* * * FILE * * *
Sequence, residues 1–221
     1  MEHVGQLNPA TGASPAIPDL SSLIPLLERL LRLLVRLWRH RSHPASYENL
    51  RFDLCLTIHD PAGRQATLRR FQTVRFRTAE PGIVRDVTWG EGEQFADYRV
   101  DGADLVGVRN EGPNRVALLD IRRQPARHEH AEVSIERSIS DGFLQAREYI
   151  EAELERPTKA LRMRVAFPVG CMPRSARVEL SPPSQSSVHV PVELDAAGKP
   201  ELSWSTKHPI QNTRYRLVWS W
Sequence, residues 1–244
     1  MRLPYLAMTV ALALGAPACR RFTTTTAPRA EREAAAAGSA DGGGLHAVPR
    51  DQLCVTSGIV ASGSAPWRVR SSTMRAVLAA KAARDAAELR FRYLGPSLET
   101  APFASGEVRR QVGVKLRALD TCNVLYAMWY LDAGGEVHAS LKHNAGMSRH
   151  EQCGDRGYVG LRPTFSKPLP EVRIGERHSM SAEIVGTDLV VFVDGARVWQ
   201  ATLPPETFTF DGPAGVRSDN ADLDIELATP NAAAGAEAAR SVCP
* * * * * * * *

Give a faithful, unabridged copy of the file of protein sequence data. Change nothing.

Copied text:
Sequence, residues 1–221
     1  MEHVGQLNPA TGASPAIPDL SSLIPLLERL LRLLVRLWRH RSHPASYENL
    51  RFDLCLTIHD PAGRQATLRR FQTVRFRTAE PGIVRDVTWG EGEQFADYRV
   101  DGADLVGVRN EGPNRVALLD IRRQPARHEH AEVSIERSIS DGFLQAREYI
   151  EAELERPTKA LRMRVAFPVG CMPRSARVEL SPPSQSSVHV PVELDAAGKP
   201  ELSWSTKHPI QNTRYRLVWS W
Sequence, residues 1–244
     1  MRLPYLAMTV ALALGAPACR RFTTTTAPRA EREAAAAGSA DGGGLHAVPR
    51  DQLCVTSGIV ASGSAPWRVR SSTMRAVLAA KAARDAAELR FRYLGPSLET
   101  APFASGEVRR QVGVKLRALD TCNVLYAMWY LDAGGEVHAS LKHNAGMSRH
   151  EQCGDRGYVG LRPTFSKPLP EVRIGERHSM SAEIVGTDLV VFVDGARVWQ
   201  ATLPPETFTF DGPAGVRSDN ADLDIELATP NAAAGAEAAR SVCP